Dale Murphy (born March 12, 1956) is a former center fielder in Major League Baseball, born in Portland, Oregon. Murphy is regarded by many as one of the premier players during the 1980s. His best years were with the Atlanta Braves, appearing in the All-Star Game seven times, and leading the National League in home runs and RBI twice; he also led the major leagues in home runs and runs batted in over the 10-year span from 1981 to 1990. He led the National League in games, at bats, runs, hits, extra base hits, RBI, runs created, total bases, and plate appearances in the 1980s. He also accomplished a 30-30 season in 1983, at the time only the 6th player since 1922 to do so. In addition he also won five consecutive Gold Glove Awards, and won two consecutive MVP awards in 1982 and 1983, making him one of only four outfielders in major league history with consecutive MVP years, and the youngest ever to do so at the time.
His professional baseball career began in 1976 and ended in 1993; he also played for the Philadelphia Phillies and Colorado Rockies franchises. He finished his career with 398 home runs and a .265 batting average. He reached the playoffs only once, in 1982, where the Braves were eliminated in the first round by the St. Louis Cardinals. His jersey number "3" was retired by the Atlanta Braves in 1994.
Murphy's squeaky-clean habits off the diamond were conspicuous in a league racked by illegal drugs and salary controversies. A devout Latter-day Saint, commonly known as a "Mormon", Murphy did not drink alcohol, would not allow women to be photographed embracing him, and paid his teammates' dinner checks (as long as alcohol was not on the tab). For several years, the Atlanta Constitution ran a popular weekly column, where Murphy responded to young fans' questions and letters. Murphy's TV commercials usually had him advertising milk, ice cream, and Canon cameras. In a scene reminiscent of The Pride of the Yankees, Murphy once promised a disabled girl in the stands he'd hit a home run for her - and actually knocked out two. In 1987, he shared Sports Illustrated magazine's "Sportsmen and Sportswomen of the Year" award with seven others, characterized as "Athletes Who Care," for his work with numerous charities, including the Make-a-Wish Foundation, the Georgia March of Dimes and the American Heart Association.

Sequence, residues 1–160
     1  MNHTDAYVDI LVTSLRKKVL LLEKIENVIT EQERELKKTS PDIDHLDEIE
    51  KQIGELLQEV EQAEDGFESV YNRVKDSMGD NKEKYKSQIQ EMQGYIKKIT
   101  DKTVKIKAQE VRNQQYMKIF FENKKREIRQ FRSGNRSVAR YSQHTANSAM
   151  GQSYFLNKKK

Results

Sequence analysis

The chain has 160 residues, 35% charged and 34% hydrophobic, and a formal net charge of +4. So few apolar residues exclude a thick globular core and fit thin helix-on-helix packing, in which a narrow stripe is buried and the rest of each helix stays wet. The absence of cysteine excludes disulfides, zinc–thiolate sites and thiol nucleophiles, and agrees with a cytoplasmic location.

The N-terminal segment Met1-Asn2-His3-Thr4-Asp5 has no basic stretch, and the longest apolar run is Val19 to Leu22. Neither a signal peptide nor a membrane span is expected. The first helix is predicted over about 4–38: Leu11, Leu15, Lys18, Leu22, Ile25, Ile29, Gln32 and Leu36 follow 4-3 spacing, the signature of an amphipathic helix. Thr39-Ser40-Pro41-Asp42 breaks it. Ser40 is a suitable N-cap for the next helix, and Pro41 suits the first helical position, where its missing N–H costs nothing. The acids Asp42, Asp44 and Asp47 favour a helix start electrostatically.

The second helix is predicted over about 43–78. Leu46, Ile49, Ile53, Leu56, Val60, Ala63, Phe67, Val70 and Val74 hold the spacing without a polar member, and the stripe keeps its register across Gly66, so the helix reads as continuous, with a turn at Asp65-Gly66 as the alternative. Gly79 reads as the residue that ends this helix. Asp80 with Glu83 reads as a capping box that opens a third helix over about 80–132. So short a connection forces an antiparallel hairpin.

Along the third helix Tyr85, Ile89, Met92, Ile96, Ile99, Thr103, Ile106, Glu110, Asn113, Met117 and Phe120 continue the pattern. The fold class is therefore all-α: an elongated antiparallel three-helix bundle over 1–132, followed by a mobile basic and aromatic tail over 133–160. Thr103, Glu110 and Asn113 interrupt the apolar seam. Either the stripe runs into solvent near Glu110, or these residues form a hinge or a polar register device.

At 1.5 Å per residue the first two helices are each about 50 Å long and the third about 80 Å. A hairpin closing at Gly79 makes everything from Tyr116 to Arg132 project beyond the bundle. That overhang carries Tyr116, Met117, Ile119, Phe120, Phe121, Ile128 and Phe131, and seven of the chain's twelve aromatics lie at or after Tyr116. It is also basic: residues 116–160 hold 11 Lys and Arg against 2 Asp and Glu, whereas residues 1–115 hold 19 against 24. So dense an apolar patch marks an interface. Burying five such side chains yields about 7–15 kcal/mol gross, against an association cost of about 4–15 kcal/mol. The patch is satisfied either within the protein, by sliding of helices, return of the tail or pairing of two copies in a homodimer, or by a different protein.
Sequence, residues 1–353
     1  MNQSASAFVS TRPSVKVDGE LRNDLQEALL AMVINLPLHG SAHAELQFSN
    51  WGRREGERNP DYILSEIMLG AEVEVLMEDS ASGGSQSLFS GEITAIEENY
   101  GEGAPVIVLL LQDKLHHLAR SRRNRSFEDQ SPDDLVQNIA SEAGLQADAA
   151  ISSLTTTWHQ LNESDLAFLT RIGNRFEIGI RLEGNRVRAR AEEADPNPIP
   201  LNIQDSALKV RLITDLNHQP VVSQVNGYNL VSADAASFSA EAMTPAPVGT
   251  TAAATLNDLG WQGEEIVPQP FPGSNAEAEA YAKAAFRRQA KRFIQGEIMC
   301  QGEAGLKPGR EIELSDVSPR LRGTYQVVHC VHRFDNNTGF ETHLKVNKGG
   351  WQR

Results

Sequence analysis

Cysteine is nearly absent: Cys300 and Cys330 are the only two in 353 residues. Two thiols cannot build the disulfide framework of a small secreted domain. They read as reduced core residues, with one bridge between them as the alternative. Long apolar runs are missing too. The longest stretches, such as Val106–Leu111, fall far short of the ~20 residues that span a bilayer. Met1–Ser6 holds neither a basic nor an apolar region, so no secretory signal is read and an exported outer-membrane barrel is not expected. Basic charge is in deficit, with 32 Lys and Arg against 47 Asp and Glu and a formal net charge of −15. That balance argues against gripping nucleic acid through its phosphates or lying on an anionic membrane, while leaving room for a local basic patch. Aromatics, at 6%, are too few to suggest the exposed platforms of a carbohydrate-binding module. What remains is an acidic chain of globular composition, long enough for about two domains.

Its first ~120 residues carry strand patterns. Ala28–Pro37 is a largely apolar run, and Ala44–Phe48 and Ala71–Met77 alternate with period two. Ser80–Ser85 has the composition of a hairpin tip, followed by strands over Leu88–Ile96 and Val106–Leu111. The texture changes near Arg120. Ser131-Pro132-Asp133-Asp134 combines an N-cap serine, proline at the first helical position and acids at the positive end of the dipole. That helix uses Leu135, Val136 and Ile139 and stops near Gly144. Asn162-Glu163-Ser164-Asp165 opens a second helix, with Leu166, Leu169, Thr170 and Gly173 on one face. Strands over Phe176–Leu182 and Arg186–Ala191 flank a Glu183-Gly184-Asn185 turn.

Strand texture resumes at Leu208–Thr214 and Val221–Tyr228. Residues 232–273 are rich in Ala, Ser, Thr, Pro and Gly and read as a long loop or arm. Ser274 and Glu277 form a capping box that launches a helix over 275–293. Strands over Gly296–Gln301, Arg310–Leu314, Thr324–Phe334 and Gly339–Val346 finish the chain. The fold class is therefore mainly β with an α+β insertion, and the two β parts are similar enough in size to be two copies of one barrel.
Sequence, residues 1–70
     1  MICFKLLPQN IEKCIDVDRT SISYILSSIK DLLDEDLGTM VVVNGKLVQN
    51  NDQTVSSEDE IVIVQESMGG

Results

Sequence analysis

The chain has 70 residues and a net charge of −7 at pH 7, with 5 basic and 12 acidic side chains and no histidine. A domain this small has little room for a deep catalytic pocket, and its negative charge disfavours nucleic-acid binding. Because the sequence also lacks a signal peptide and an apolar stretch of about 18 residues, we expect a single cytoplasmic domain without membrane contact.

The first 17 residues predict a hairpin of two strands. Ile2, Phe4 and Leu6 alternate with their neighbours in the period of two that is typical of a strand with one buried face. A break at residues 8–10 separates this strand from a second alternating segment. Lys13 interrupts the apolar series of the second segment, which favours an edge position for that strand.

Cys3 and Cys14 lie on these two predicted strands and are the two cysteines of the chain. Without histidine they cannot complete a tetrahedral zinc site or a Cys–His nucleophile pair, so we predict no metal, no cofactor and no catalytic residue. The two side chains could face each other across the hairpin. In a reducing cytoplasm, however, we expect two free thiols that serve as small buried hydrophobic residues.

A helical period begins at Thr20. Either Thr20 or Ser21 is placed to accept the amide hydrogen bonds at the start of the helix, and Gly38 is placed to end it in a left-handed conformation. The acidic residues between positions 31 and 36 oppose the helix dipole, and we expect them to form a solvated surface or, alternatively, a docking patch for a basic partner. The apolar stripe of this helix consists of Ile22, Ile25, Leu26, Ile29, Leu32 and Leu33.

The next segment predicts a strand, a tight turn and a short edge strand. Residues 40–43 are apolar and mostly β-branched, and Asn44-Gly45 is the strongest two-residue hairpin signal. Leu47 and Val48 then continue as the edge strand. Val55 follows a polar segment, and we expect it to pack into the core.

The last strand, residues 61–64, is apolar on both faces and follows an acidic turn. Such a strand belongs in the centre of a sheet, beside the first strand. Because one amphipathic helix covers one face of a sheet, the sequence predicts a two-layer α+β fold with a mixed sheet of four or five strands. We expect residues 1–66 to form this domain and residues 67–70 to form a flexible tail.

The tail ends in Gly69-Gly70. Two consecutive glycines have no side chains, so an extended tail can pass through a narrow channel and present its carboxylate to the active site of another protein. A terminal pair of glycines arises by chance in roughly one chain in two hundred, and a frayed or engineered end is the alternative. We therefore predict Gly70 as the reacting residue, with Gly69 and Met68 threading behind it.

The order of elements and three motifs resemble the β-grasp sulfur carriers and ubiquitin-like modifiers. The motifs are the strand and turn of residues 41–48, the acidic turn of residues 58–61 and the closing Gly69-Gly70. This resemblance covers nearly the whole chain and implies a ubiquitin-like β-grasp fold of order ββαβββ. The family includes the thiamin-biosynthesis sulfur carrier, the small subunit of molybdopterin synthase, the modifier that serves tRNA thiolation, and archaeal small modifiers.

Despite his career accomplishments, Murphy has become a highly debated candidate for the Baseball Hall of Fame. Various reasons given for this are the lack of success of the teams Murphy played on, and his decidedly mediocre performance at the very beginning and end of his career, not to mention his high strikeout totals (he could neither resist nor hit a pitch that was low and outside). But perhaps the most influential negative argument is based in the explosion in offense in the 10-year period just after Murphy's retirement (1993-2002). For example, there have been 50 home runs hit in a season 30 times in the history of baseball: 18 times between 1921-1990 and 12 times between 1995 and 2000. Many attribute the general inflation in hitting statistics since the time of Murphy's retirement to the abuse of drugs such as androstenedione and steroids. Perhaps the prevalence of such drug use may cause the Hall of Fame voters to look again at the comparably amazing statistics of players such as Dale Murphy and contemporaries such as Tim Raines, Andre Dawson, and Jim Rice.
Interestingly, Murphy did not begin his career as an outfielder. He began as a catcher, but had difficulties throwing out runners attempting stolen bases. He was moved briefly to first base and left field before reaching the peak of his success playing center field and eventually right field, being widely considered the best all-around player in the major leagues for the 6-year span between 1982-1987.
After his baseball career ended, Murphy became more active in the Church of Jesus Christ of Latter-day Saints. He served three years as president of the "Massachusetts Boston Mission" of the Church of Jesus Christ of Latter-day Saints. Murphy was at one point said to be considering a run for Utah governor in 2004, but failed to generate enough interest within the Republican Party. He now also lives in Alpine, Utah.